We are quite simply teaching our brain to overlook the restrained and the quiet, to do these tasks with half our focus. News disperses our concentration and thins our comprehension and the more we consume it, the more we reinforce this habit.
And as bad as that sounds, I don’t even think it’s the main thing we should worry about. For me, it’s simply the negativity. I truly believe we are underrating the effect that pessimistic content can have on the individual and collective consciousness of our world. James Clear said it best: When you’re overdosing on information that you can’t act on it’s easy to see why people say things like “it’s a messed up world out there” or “somebody needs to fix it.” Why make an effort when everything seems out of your control?
“I am fed up with this cheap way of “explaining” the world. It’s inappropriate. It’s irrational. It’s forgery. And I refuse to let it contaminate my thinking.”
- Rolf Dobelli
Poverty, hunger, murders, war, terrorism, accidents, celebrity gossip. I don’t need to know this stuff and you don’t either. I know, you might be thinking that news is necessary because it keeps us informed about the world, but first ask yourself these questions. Does it really improve your life in any way? Does it affect you personally? Your family, your businesses or your career? Is it a true representation of our world? Does it encourage thinking? Does it encourage acting? Think about it. In the last year, has any piece of news changed your life? In a way that if you hadn’t read it, your personal or professional life would have be different?
Let’s say you can remember that one article that was essential to your life. How many did you have to go through to stumble upon it? In a year, maybe hundreds? Thousands? Those are simply not good odds. And don’t you think that if something in the news is really important to your life — personally or professionally — you’ll hear about it from a co-worker, a friend or a family member?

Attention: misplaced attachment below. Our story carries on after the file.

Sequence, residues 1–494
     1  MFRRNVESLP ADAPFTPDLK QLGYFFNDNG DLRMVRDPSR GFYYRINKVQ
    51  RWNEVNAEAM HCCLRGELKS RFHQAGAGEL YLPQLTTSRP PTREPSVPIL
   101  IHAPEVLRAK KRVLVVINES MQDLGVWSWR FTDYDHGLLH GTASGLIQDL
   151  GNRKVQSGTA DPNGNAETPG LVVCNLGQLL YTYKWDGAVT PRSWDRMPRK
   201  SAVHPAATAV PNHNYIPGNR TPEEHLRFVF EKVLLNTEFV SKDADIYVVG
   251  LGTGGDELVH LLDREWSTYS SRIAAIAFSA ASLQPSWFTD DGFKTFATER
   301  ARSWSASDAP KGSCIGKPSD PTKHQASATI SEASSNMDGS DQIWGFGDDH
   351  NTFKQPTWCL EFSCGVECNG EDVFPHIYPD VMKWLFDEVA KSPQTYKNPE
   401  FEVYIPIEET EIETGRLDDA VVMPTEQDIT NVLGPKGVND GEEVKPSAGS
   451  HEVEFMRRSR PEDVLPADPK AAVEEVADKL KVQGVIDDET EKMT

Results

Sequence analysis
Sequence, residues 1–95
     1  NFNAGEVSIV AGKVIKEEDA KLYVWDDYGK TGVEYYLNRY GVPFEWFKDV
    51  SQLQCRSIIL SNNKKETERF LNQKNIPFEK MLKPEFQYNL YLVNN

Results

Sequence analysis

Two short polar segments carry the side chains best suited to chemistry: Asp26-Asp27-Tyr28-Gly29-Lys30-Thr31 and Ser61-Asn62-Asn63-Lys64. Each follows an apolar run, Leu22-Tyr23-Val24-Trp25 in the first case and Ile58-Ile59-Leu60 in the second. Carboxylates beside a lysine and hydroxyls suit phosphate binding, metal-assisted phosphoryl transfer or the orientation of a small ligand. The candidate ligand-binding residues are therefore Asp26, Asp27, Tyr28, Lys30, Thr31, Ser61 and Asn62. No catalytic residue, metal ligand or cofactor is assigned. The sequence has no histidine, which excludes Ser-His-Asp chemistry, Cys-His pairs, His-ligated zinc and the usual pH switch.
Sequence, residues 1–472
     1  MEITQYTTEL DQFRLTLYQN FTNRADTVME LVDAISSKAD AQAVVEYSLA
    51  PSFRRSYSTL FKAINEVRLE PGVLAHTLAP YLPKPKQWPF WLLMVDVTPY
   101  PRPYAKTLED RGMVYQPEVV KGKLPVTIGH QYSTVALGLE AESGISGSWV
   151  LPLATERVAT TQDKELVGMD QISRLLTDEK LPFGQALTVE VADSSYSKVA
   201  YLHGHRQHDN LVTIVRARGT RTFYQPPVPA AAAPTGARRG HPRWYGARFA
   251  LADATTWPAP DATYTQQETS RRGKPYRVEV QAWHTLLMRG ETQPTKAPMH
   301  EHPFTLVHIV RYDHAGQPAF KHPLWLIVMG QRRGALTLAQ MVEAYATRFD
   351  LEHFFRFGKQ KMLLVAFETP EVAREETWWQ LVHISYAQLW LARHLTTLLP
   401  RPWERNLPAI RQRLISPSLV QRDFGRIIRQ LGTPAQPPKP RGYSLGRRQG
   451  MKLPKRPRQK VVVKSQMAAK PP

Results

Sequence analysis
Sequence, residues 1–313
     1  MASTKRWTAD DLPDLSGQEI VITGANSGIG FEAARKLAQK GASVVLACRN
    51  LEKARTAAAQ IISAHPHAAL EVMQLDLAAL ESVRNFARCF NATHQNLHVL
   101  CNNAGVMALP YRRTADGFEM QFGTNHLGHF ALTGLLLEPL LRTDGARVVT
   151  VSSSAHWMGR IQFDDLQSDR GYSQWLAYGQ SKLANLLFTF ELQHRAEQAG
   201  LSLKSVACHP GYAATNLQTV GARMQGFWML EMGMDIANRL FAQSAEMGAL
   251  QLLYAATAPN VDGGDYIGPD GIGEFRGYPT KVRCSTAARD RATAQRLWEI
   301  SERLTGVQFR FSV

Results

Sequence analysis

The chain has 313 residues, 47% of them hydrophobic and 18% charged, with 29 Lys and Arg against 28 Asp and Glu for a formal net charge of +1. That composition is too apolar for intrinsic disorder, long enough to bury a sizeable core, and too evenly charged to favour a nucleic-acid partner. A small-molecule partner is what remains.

There is goodness all around.
We should look for it, we should talk about it and we should share it. Information is only important if it’s helping us create, build, share or experience something wonderful. The world doesn’t need passive people to be informed, it needs active people to be knowledgable. So dive deep in subjects that you are passionate about.
Think of the solution, not the problem.
If your mind is filled only with thoughts of how you can die and what can go wrong, then you can’t think of how to live and what can go right. If you want to know about a problem, let it be because you are looking for a solution. Every problem is complex, and the only way to understand it is by diving into books and long journal articles. Go for problems you can have an influence on.
Be knowledgeable, not informed.
Read books, magazines, complex articles, TedTalks, inspiring videos and podcasts. Don’t be afraid of not being up-to-date on the latest headlines. Those are just easy and superficial conversation starters. Be brave enough to talk about things that matter and start meaningful conversations.
Make a conscious choice about what you consume.
We need more hard-core journalists digging into meaningful stories, but we are not going to get there by sharing irrelevant content on facebook. We need people who appreciate thought-provoking content. Let your click, your time, your attention, your dollar be your support for great content.
Post by Alejandra Quintero, Co-Founder of The Handsome Pig
Thank you to Rolf Dobelli. His essay Avoid News, towards a healthy news diet inspired me to write this piece. Highly recommendable read.